§ Mr. Corfield
I beg to move, Amendment No. 141 in page 81, line 5, to leave out "Within fourteen" and to insert:At any time after the making of a control order, but not later than the expiration of a period of six".This Amendment and the following four are concerned with the same matter, Mr. Deputy-Speaker, and can conveniently go together.
§ Mr. Corfield
This series of Amendments alters the time limit within which an interested party may appeal against a control order or a local authority's scheme. As drafted, the Bill allowed a period of six weeks to the local authority for the preparation and service of a copy of the scheme and a further six weeks to an interested party in which to appeal, making a total of twelve weeks in all.
In Committee, the Government moved an Amendment to extend the initial period—the period for the local authority to produce its scheme—to eight weeks at the instigation of the local authority associations. A number of hon. Members, notably the hon. Member for Hayes and Harlington (Mr. Skeffington), said that those periods were too long and that certainly the total of 14 weeks was too long. The present Amendments are by way of compromise. We preserve the eight weeks to the local authority but, under the Amendments, the six weeks for the time of appeal will run from the date of service of the copy of the scheme, whatever date that is, so that it will not necessarily be the full fourteen weeks before an appeal can be taken. It will be up to the local authority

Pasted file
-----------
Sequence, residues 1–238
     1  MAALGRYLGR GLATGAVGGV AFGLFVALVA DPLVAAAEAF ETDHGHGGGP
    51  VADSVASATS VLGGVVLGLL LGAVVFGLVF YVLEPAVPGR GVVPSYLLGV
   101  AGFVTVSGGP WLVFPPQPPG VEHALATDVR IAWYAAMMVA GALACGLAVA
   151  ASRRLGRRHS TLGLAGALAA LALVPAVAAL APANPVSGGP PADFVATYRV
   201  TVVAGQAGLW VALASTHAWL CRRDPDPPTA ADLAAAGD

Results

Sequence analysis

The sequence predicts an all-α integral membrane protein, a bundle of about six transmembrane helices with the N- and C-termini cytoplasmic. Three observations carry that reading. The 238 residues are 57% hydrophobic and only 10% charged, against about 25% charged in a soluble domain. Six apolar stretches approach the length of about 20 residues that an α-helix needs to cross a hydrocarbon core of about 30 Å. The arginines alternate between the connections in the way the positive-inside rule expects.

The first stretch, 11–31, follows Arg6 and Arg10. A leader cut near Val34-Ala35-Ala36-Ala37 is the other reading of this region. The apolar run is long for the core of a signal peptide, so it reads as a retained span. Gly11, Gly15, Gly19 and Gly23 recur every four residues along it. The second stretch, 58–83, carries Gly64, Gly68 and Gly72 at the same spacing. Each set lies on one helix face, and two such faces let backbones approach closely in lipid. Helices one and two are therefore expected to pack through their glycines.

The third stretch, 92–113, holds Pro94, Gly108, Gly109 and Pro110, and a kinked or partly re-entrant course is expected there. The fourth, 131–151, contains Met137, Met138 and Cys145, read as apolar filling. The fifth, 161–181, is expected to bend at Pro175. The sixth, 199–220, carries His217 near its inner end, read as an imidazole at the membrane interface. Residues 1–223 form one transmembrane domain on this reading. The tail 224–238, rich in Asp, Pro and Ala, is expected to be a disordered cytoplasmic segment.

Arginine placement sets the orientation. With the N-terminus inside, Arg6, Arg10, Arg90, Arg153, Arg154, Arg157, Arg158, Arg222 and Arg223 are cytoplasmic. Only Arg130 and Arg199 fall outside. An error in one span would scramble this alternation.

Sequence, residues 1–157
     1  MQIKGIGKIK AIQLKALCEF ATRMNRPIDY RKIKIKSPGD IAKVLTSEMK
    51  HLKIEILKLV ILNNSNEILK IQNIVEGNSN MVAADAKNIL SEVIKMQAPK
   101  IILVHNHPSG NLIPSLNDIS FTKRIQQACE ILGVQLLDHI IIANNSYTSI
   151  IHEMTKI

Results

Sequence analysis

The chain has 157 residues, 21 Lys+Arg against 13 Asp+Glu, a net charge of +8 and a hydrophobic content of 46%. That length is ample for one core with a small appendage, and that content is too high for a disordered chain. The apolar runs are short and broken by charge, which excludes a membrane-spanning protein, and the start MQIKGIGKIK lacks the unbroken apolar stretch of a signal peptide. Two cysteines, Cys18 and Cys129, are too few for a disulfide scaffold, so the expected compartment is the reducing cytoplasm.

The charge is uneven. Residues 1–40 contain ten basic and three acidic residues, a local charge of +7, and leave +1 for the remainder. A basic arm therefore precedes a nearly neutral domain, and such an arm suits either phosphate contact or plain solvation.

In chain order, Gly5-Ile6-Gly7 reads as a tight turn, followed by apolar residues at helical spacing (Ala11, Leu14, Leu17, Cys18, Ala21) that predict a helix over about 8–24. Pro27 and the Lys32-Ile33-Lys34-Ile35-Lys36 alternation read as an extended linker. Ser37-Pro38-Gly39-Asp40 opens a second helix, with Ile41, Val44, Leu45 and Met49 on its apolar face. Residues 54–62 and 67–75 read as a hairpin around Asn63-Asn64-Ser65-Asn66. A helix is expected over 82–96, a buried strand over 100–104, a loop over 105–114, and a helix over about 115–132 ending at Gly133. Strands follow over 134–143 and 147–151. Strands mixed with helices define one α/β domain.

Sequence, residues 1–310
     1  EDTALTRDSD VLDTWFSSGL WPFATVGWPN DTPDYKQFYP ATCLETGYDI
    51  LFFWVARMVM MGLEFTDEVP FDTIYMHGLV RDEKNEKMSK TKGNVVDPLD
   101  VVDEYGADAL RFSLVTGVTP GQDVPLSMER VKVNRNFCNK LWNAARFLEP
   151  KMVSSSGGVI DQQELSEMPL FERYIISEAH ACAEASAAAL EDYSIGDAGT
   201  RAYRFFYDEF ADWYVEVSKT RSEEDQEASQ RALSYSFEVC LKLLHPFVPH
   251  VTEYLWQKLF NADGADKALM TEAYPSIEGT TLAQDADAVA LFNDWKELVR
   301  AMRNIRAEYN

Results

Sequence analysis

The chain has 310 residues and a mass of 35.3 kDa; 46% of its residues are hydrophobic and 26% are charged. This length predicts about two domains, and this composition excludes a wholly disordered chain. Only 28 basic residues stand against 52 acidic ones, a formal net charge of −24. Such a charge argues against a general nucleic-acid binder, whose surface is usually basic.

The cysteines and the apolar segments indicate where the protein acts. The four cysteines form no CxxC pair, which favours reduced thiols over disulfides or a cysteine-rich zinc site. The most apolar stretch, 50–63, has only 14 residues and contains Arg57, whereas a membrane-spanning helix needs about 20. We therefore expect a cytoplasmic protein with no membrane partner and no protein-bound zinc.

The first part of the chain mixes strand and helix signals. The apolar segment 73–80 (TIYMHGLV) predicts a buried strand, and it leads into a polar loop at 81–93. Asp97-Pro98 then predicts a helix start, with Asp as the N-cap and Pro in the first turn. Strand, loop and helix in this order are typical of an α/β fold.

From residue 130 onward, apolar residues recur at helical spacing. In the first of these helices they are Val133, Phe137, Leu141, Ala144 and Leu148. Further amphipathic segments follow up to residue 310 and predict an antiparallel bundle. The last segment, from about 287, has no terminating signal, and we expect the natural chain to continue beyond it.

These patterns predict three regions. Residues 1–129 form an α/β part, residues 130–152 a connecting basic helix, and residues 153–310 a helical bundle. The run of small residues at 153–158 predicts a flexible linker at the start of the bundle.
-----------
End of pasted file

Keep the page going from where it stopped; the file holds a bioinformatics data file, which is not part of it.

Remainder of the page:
128 inasmuch as the sooner that it produces its scheme, the sooner the six weeks period for appeal will run out and the sooner the time will arrive when the local authority can be certain where it stands.
§ Mr. Cole
I do not disagree with the intention of the Amendment, but I am not sure that the position is exactly as my hon. Friend has described. As amended in Committee, Clause 78 states:Within fourteen weeks from the date on which a control order comes into force"—which, I presume, is simultaneous more or less with the service of it on the interested parties, to which my hon. Friend the Parliamentary Secretary has referred. The Amendment uses the words:At any time after the making of a control orderwhich, as far as I can see, is approximately the same time—but not later than the expiration of a period of six weeks".Clearly, we are cutting down a period of fourteen weeks, which I agree is too long, to six weeks, which is probably just about right. Do both periods date from the same datum line? There may be a subtle difference which I do not appreciate, but it seems that what we have done is, quite properly, to cut down the period by eight weeks.
§ Mr. Corfield
If my hon. Friend reads the first two Amendments together and inserts them in the right place in the Bill, he will see that subsection (1) of Clause 78 starts as follows:At any time after the making of a control order, but not later than the expiration of a period of six weeks from the date on which a copy of the relevant scheme is served in accordance with section 74(1) of this Act".
§ Amendment agreed to.
Further Amendment made: In page 81, line 5, leave out from "which" to "any" in line 6 and insert:
a copy of the relevant scheme is served in accordance with section 74(1) of this Act".—[Mr. Corfield.]